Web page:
Very different subjects, very different styles, but great writing is great writing. So if you have even a little bit of fondness in your heart for a touching love story set in Victorian times and with fully rounded characters, do check out Mimi Matthews’ novels (and nonfiction). Scroll down and you’ll find links to her website and social media accounts, where you can get more information.
And if it needs to be fast-paced thriller to keep your attention—although still with great writing and complex, compelling characters—then the links in the Bernard Cornwell interview will show you where to learn more about those.
You have a great interest in Victorian times, as evidenced by your nonfiction book The Pug That Bit Napoleon, among other works. Where did that interest originate, and which came first—the fascination with the Victorian period or the interest in writing fiction?
My interest in writing fiction definitely came first. I wrote my first full-length book (a YA novel) when I was thirteen and signed with my first literary agent when I was eighteen. After that, I was preoccupied with college, law school, and work and didn’t write any fiction until a few years ago, when I got the idea for a romance novel. I wrote it in a few months and then signed with a new literary agent. While it was out on submission, I wrote three more romance novels, including The Lost Letter and The Viscount and the Vicar's Daughter.
As for the Victorian era, I’ve always been a fan. I read a lot of Charles Dickens and the Brontë sisters growing up and, in my third year of law school, I did a huge research paper on the British Court of Chancery. Since then, I’ve researched and written extensively on the Victorian era for my own website, as well as for other publications. In September 2016, I signed a multi-book deal with Pen and Sword Books (UK). My first nonfiction book with them, The Pug Who Bit Napoleon, came out in December. My next one, A Victorian Lady's Guide to Fashion and Beauty, will be out in July 2018.
Tell us about Sylvia Stafford, the heroine of The Lost Letter. Where is she, literally and emotionally, at the start of the book?
At the beginning of the novel, Sylvia is employed as a governess in a merchant's household in Cheapside. It’s a far cry from the life she led as the privileged daughter of a wealthy baronet. But Sylvia is an intelligent, pragmatic sort of woman and has—for the most part—come to terms with her altered status in society. She’s even managed to find a measure of happiness in her work. Or so she believes. As the story progresses, it becomes clear that much of her heartache and disappointment is still unresolved. This is especially evident when she once again crosses paths with Sebastian.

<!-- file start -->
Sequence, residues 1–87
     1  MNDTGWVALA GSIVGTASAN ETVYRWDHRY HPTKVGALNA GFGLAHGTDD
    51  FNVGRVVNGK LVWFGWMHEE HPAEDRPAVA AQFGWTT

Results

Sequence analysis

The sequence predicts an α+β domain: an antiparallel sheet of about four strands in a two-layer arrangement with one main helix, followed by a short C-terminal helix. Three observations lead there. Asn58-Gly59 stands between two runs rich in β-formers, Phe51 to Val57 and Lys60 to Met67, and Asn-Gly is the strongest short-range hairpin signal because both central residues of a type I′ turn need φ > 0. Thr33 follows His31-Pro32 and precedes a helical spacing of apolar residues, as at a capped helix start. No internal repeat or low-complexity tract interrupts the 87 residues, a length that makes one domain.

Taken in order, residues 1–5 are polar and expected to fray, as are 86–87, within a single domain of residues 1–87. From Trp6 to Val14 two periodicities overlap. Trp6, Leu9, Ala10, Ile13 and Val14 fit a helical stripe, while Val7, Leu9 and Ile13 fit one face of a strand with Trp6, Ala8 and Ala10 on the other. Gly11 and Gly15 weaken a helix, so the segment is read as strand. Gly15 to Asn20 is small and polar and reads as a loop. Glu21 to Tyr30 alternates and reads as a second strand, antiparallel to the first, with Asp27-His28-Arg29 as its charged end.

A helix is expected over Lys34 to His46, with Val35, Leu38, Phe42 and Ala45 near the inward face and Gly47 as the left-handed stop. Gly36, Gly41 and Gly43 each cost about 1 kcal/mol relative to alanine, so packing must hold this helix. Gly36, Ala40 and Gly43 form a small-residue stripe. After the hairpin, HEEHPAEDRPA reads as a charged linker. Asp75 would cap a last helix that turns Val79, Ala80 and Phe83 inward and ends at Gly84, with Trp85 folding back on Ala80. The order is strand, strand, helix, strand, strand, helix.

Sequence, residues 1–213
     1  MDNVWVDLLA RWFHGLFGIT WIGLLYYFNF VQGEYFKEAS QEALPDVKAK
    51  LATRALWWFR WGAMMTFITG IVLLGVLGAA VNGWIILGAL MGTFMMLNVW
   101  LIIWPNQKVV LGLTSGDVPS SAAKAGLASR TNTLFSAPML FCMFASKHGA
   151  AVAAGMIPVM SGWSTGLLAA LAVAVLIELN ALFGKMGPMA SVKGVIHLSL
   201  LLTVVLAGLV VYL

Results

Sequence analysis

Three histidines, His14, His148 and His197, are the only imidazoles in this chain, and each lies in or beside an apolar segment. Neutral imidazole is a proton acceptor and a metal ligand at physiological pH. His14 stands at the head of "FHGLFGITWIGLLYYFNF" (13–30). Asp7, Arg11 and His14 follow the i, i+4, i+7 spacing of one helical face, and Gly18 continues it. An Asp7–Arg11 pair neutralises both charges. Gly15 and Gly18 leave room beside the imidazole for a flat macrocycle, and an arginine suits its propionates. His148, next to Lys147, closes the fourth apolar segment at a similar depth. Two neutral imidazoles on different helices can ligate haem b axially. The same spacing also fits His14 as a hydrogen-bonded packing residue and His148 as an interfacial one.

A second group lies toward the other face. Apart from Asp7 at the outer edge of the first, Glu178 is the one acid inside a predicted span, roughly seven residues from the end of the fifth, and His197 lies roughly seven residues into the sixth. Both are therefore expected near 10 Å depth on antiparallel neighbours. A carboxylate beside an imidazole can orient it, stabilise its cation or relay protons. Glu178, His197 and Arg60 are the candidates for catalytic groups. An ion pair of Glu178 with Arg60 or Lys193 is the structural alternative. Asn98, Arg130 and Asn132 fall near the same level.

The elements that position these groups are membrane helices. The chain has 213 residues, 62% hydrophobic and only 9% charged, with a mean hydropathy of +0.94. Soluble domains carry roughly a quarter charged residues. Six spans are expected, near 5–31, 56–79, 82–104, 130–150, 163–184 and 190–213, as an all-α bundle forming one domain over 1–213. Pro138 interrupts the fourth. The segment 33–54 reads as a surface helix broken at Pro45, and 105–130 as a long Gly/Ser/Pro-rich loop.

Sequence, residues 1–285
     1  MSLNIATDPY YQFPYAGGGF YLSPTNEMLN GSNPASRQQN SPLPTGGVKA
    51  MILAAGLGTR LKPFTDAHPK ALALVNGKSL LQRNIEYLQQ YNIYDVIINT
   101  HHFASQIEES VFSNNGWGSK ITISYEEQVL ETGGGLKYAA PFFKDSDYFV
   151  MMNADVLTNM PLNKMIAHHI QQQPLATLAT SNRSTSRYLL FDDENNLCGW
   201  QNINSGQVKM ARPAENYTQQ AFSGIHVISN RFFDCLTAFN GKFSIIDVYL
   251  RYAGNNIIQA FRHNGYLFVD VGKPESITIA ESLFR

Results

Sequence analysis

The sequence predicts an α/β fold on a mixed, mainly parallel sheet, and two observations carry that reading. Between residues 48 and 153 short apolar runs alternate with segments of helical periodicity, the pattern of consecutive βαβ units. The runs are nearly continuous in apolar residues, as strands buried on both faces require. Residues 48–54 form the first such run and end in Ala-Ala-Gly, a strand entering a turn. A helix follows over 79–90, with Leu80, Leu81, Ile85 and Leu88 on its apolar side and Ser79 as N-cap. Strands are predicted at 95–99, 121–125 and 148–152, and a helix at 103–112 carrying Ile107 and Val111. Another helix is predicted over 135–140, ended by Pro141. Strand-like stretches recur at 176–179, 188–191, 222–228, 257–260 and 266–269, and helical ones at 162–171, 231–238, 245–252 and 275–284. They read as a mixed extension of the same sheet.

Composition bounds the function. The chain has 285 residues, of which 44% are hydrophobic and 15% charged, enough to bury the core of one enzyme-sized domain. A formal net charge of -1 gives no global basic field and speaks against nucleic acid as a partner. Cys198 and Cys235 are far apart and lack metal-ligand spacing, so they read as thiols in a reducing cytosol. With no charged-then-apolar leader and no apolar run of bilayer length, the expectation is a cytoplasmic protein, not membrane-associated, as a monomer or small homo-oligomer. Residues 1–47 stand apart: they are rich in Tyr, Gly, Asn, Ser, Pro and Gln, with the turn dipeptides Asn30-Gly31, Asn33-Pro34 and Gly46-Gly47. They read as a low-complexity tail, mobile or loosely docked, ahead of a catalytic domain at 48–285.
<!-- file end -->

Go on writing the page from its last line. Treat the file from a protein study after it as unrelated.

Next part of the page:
And what of Sebastian Conrad, earl of Radcliffe? They have something of a past, but their reunion takes place under very different circumstances, for him as well as for her.
Unlike Sylvia, Sebastian is not coping very well with his change in circumstance. The disfiguring injuries he suffered as a soldier in India both depress his spirits and cause him physical pain. He’s bitter and angry, raging at himself and everyone around him. When Sylvia makes an unexpected appearance at his country estate, he is anything but pleased. He had loved her once, and the sting of her rejection still rankles. Nevertheless, he makes an effort to see her and speak to her, even if only to show her how little he cares.
Your second novel, The Viscount and the Vicar's Daughter, came out this week. What can you tell readers about that book?
After reading The Lost Letter, you may have guessed how much I enjoy playing with classic romance tropes. The Viscount and the Vicar’s Daughter is my go at the “reformed rake” trope. It features a disillusioned libertine with a scandalous past and an earnest vicar’s daughter with a few secrets of her own. It’s not as tortured a love story as The Lost Letter. I’d classify it more as a mid-Victorian romp. So far, advance reviews have been great. I’m really hoping readers will love it, too.
In the back of The Viscount and the Vicar’s Daughter, there is an excerpt from a third novel, The Advertisement (which I for one can’t wait to read, because the setup is great), due out this summer. Is that book already done? And if so, what are you working on now?
I’m so glad you enjoyed the excerpt! The Advertisement is almost done. It’s due to my editor at the end of March. It’s much longer than my previous two Victorian romances and the subject matter is a bit heavier as well. It focuses on two real—and very grim—events from the late 1850s. As for the central romance, it’s poignant, passionate, and exceedingly angst-ridden. So far, reports from my beta readers have been really positive. We’ll see what my editor thinks!
Next, I’m working on a Victorian Christmas novella about a broken betrothal and (possible) breach of contract suit. It will be out in November 2018.
Thanks so much for answering my questions, Mimi. I wish you all success with both your novels and your nonfiction works!
Mimi Matthews writes both historical nonfiction and traditional historical romances set in Victorian England. Her articles on nineteenth-century history have been published on various academic and history sites, including the Victorian Web and the Journal of Victorian Culture, and are syndicated weekly at BUST Magazine. In her other life, Mimi is an attorney with both a Juris Doctor and a Bachelor of Arts in English Literature. She resides in California with her family, which includes an Andalusian dressage horse, two Shelties, and two Siamese cats.
Find out more about Mimi at the links below.